City Now Eligible for Lead Pipe Replacement Funds

POUGHKEEPSIE – Mayor Yvonne Flowers announced that the City of Poughkeepsie has become eligible for $3.2 million in grants and more than $8 million in interest-free loans to start lead service line replacement projects. The city competed with larger New York municipalities for approximately $130 million in federal funds awarded to the state to improve the quality of drinking water statewide.

The New York State Department of Health completed an evaluation of the federal Bipartisan Infrastructure Law Lead Service Line Replacement funding and made the determination that the city is eligible for these financial resources, contingent upon city acceptance and formal award of The Drinking Water State Revolving Fund loans and grants.

The city has about 5,080 residential lead water service lines and is seeking various financial sources to replace them, with an estimated total cost of more than $100 million. While lead in drinking water does not come from the Poughkeepsies’ Water Treatment Plant, it can enter the water by corrosion, or wearing away, of lead in the service line and household plumbing in homes built before 1986.

“We know we can’t fix this problem overnight, but the city is moving aggressively to obtain funds to replace these lead pipes, and I thank our city staff, especially our Finance and Engineering Departments, for doing the hard work of compiling data and completing these applications to move us in the right direction,” said Mayor Flowers.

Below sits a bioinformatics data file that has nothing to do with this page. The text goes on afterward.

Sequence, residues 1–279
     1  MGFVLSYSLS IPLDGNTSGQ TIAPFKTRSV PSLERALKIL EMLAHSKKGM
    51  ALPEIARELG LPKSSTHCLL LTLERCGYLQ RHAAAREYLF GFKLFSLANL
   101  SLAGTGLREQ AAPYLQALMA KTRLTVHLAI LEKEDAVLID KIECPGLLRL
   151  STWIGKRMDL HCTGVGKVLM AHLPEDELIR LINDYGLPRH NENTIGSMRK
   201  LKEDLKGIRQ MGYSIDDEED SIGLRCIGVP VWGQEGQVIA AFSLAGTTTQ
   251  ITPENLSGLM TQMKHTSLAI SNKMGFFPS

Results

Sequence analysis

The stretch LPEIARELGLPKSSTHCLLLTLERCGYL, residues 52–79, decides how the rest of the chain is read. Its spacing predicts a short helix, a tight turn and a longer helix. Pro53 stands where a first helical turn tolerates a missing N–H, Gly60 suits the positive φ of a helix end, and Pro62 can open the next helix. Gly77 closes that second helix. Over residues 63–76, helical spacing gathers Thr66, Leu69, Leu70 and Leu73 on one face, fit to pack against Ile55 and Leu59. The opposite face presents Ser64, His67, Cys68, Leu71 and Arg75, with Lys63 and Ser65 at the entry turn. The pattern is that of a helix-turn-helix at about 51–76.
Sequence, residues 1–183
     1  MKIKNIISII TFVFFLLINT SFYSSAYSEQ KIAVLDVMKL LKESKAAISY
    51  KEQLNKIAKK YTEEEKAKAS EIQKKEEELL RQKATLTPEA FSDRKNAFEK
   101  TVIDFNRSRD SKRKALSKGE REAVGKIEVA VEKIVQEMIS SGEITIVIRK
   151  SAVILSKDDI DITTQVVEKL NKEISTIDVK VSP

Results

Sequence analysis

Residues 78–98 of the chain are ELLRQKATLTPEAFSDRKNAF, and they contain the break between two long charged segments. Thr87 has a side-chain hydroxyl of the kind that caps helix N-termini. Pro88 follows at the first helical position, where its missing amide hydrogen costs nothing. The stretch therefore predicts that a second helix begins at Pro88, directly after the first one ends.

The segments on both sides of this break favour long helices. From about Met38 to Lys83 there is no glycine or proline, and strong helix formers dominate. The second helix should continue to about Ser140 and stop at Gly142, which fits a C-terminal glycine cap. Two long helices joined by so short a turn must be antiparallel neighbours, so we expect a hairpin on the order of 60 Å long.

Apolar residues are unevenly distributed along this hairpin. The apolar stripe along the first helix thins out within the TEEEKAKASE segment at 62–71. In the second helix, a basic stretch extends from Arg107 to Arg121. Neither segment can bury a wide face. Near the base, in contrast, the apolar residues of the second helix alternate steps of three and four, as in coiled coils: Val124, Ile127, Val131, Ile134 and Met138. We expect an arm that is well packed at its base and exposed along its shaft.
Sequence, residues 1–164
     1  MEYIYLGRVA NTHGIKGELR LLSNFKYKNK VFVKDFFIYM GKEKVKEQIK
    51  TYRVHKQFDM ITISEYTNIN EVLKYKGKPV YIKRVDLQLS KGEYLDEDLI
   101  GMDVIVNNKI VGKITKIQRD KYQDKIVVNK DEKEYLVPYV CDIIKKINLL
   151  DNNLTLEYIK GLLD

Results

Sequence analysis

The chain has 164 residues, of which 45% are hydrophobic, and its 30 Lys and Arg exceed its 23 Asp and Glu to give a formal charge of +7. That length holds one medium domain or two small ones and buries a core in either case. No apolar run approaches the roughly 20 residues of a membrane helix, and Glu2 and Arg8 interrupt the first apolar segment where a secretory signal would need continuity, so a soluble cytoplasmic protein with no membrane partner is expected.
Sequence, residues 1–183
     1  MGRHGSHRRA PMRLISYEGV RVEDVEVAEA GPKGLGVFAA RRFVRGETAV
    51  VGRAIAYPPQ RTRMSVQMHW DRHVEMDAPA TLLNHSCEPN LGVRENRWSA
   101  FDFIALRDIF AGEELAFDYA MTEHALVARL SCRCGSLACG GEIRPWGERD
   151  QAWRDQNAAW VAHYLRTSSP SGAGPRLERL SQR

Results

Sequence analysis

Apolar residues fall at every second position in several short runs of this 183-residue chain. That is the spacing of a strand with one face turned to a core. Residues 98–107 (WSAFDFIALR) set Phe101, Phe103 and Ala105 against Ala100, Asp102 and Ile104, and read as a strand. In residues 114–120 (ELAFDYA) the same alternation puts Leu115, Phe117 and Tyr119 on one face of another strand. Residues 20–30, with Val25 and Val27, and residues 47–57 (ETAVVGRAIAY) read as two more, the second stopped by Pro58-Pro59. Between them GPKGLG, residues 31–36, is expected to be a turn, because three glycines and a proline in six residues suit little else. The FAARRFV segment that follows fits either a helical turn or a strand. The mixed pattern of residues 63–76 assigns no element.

The first phase of Poughkeepsie’s lead service line replacement project will begin with an inventory study taking place in 2024-2025. The inventory, required by the Environmental Protection Agency’s final rule, is expected to be entirely funded with $2 million of this grant award.

Though no amount of lead exposure is considered safe, the Environmental Protection Agency established regulations that mandate communities must take action if certain lead content levels are exceeded.

In 1997 the city initiated treatment to substantially reduce corrosion in lead pipes. Ninety percent of the customers tested in 2022 had a lead content of the city’s water of 1.8 parts per billion. The highest test result was 8.4 parts per billion, which is below the 15 parts per billion threshold set by the EPA.

To date, the city has received about $544,000 to replace lead pipe lines and has completed 23 projects involving day care facilities and residences where young children and immune system compromised residents live.

Lead Service Line replacement costs go to construction, including materials, equipment, workforce; engineering fees for planning, design and construction; legal fees; municipal administration fees; and for site/property restoration.

Significantly, the city has decided to use the best practices model of replacing the whole line, from the water main to the residence. Some municipalities pay for only the portion running from the water main to the curb, leaving private property owners to pay for the rest of the project and running the risk that the project does not get fully completed.

“I want to thank Congressman Pat Ryan for inviting state and federal Environmental Protection Agency representatives and state Health Department officials to meet with us to discuss funding sources and what is needed to be eligible for lead pipe replacement grants,” Mayor Flowers said. “We recognize the significant costs it will take to replace all lead service lines in our city, and we will explore all grant opportunities to help reduce the cost burden on our city residents.”

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